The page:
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Question about single slit diffraction .

  1. Dec 18, 2004 #1
    question about single slit diffraction.....

    Hey all....

    I am trying to get a deeper and more intuitive understanding of single slit diffraction from a physical perspective.

    I have already read the general explanation from back when I was an undergrad in my physics classes.......since then I have read some explanations on the web, but these usually focus more on the math and the general principle rather than a physical picture or description of what exactly is happening at the edges of the slit.

    The wave is obviously deflected or bent in such a manner that it ends up interfering with itself....but I am having a diffcult time picturing it.

    With water waves....I can almost picture a "molecule" being "deflected" at an angle by the edge of the slit and this happening at both the top and bottom of the slit creating waves that end up combining and interfering with other parts of the same wave....like the middle portion in the center of the slit.

    But I could be completely off here in my attempt to have an intuitive picture and feel for what is happening.

    I am trying to get a better grasp of waves in general.....and specifically to increase my understanding of electromagnetic waves. But to do that I should have a better grasp, both mathematically and physically, on the topic of waves in general. So here I am looking for more for a physical answer or one that I can mentally picture.

    Can anyone help me here? Maybe a quick explanation or a link to a website with a good description or picture? I have looked now for several days and cant find what I am after.

    Thanks in advance for any assistance.

  2. jcsd
  3. Dec 18, 2004 #2

    Doc Al

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    I find it useful not to think of single slit diffraction as an "edge effect". Instead, consider the wave front passing through the slit as a set of small elements. Treat each element as a point source (Huygen's principle), then consider how these "point sources" interfere.

    A site you may find helpful is: http://hyperphysics.phy-astr.gsu.edu/hbase/phyopt/sinslitd.html#c1
  4. Dec 18, 2004 #3
    Hey there Doc Al....

    Thanks for the reply.

    Yeah....using Huygens principle is very useful for thinking about diffraction and the hyperphysics site is a good link...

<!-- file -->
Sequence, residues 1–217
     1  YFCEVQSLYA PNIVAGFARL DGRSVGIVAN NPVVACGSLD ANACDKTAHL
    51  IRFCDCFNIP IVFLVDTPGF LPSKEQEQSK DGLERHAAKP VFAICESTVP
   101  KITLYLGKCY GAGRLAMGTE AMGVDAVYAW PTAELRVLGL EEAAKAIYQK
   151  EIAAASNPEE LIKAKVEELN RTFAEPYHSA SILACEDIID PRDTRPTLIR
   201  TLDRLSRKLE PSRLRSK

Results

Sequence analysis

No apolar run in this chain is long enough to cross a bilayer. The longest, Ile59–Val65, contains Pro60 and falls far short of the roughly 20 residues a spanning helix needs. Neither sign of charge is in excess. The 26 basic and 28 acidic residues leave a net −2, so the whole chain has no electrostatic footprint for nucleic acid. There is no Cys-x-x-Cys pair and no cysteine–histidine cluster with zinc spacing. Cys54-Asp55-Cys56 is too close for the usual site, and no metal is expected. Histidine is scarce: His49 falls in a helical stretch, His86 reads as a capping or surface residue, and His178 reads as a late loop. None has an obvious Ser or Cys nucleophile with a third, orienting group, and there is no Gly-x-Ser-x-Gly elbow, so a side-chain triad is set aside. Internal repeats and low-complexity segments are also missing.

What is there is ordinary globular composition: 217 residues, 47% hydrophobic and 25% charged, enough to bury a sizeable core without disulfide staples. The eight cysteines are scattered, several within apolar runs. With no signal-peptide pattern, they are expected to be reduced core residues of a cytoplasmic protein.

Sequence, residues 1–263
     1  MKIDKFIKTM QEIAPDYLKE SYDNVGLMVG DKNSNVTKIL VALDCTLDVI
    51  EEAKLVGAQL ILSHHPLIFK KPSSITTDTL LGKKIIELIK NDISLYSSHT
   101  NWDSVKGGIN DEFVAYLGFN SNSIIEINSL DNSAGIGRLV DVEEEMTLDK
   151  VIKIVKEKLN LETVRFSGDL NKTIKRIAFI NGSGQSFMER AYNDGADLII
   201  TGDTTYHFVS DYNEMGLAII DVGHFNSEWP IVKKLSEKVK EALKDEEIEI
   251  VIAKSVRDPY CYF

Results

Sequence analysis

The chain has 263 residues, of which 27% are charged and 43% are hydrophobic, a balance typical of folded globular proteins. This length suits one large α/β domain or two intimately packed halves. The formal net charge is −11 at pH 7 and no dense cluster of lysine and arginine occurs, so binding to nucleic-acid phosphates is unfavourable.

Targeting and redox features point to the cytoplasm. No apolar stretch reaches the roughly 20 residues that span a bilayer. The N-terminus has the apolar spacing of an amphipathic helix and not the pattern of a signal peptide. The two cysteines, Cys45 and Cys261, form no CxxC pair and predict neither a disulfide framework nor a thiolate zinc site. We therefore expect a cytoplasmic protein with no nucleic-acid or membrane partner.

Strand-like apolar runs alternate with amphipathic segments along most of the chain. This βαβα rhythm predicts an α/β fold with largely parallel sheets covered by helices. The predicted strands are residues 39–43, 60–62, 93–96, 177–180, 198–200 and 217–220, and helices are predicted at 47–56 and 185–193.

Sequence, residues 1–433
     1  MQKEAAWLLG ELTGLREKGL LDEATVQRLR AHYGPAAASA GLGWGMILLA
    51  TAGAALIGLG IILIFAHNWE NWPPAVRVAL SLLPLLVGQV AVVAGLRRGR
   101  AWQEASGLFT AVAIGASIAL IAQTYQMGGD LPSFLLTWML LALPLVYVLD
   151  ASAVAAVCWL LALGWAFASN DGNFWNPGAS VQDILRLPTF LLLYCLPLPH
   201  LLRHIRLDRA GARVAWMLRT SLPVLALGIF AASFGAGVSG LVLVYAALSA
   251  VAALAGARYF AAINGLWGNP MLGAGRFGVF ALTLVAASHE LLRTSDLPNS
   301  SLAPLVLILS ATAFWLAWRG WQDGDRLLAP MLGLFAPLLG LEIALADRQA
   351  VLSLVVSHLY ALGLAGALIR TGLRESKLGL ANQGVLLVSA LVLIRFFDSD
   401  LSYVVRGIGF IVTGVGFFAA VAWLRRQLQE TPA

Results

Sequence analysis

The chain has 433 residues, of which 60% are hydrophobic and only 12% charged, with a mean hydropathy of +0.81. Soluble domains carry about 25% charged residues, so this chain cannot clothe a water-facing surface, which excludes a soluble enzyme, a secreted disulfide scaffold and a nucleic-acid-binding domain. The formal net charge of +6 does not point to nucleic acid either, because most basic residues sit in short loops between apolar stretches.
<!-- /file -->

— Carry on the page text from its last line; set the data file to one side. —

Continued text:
I am trying to get around having to use Huygens principle here though....

    Is there another way to think about this issue? Is there a way to look at it as an "edge effect"? I realise an "edge effect" explanation might get troublesome when looking at light comapred to, say, a water wave.....but can we look at the phenomenon from that perspective?

    Also....how did Huygens come up with his principle? It seems to be useful....but how am I to think of it physically? Is it a valid physical description of what is happening in a water wave or a light wave? Or is it just a mathematical tool or mental picture that doesnt necessarily correspond to what is happening physically?

    Im trying to "picture" why the wave forms an interference pattern after encountering the slit.

    Not trying to be difficult here.......just struggling with things I dont fully understand. :cool:

  5. Dec 18, 2004 #4


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    Put your fingertip into a still surface of water, and move it up and down. You get waves spreading out in circular ripples from that point. But only those water molecules that are right next to your finger, "know" about your finger directly. Water molecules some distance away can respond only to the motion of the molecules that are "right next" to them. This is a characteristic of all wave motion. The motion of the wave at each point is directly "caused" only by the motion at adjacent points.

    Therefore, if the water at any point is oscillating up and down, it seems plausible to me that you can consider it as a source of circular ripples, regardless of whether there is any external source at that point or not.
  6. Dec 18, 2004 #5
    Hey there jtbell....
    This explanation seems to work well for water waves, since we can think of the wave in terms of molecules moving around.....so I can picture a single molecule affecting every other molecule that is "close" to it by its motion.....

    I get a picture of a single "up ad down" moving molecule pulling and pushing on several other molecules....some directly in front of it and others at various angles...thus producing the circular ripples you referred to.

    So as far as water waves go.....the Huygens principle seems to make physical sense in an intutive way and is useful for giving me a picture of what happens in single slit diffraction.

    Thanks for the answer :smile:

    So how do I extend the above discussion to light waves?

    And is it possible to think of diffraction from an intutive/physical perspective without relying on Huygens principle?

    not that I have anything against Huygen....I just like to try and look at things using several different approaches.....I find I get a deeper understanding when I do that...

  7. Dec 18, 2004 #6


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    It seems to me that what you're reallly asking is, "What is the real physics underlying electric and magnetic fields, and electromagnetic waves?"